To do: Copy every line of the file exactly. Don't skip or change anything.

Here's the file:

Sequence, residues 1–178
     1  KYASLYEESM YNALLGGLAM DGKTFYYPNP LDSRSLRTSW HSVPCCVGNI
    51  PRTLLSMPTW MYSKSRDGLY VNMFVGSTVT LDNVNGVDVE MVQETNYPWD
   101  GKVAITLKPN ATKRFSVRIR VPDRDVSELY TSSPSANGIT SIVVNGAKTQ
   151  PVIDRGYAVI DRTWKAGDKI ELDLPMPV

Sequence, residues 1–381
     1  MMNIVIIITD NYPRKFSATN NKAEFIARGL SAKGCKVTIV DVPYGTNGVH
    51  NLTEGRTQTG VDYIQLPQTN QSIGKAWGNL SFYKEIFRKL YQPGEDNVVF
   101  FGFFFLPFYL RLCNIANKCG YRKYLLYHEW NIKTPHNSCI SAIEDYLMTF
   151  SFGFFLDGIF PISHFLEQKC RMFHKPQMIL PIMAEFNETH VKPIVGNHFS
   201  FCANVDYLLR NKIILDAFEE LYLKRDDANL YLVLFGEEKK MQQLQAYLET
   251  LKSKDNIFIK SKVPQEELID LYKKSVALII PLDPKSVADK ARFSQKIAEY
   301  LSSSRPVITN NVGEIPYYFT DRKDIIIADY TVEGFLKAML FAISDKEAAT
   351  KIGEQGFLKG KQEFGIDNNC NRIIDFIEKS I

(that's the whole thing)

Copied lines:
Sequence, residues 1–178
     1  KYASLYEESM YNALLGGLAM DGKTFYYPNP LDSRSLRTSW HSVPCCVGNI
    51  PRTLLSMPTW MYSKSRDGLY VNMFVGSTVT LDNVNGVDVE MVQETNYPWD
   101  GKVAITLKPN ATKRFSVRIR VPDRDVSELY TSSPSANGIT SIVVNGAKTQ
   151  PVIDRGYAVI DRTWKAGDKI ELDLPMPV

Sequence, residues 1–381
     1  MMNIVIIITD NYPRKFSATN NKAEFIARGL SAKGCKVTIV DVPYGTNGVH
    51  NLTEGRTQTG VDYIQLPQTN QSIGKAWGNL SFYKEIFRKL YQPGEDNVVF
   101  FGFFFLPFYL RLCNIANKCG YRKYLLYHEW NIKTPHNSCI SAIEDYLMTF
   151  SFGFFLDGIF PISHFLEQKC RMFHKPQMIL PIMAEFNETH VKPIVGNHFS
   201  FCANVDYLLR NKIILDAFEE LYLKRDDANL YLVLFGEEKK MQQLQAYLET
   251  LKSKDNIFIK SKVPQEELID LYKKSVALII PLDPKSVADK ARFSQKIAEY
   301  LSSSRPVITN NVGEIPYYFT DRKDIIIADY TVEGFLKAML FAISDKEAAT
   351  KIGEQGFLKG KQEFGIDNNC NRIIDFIEKS I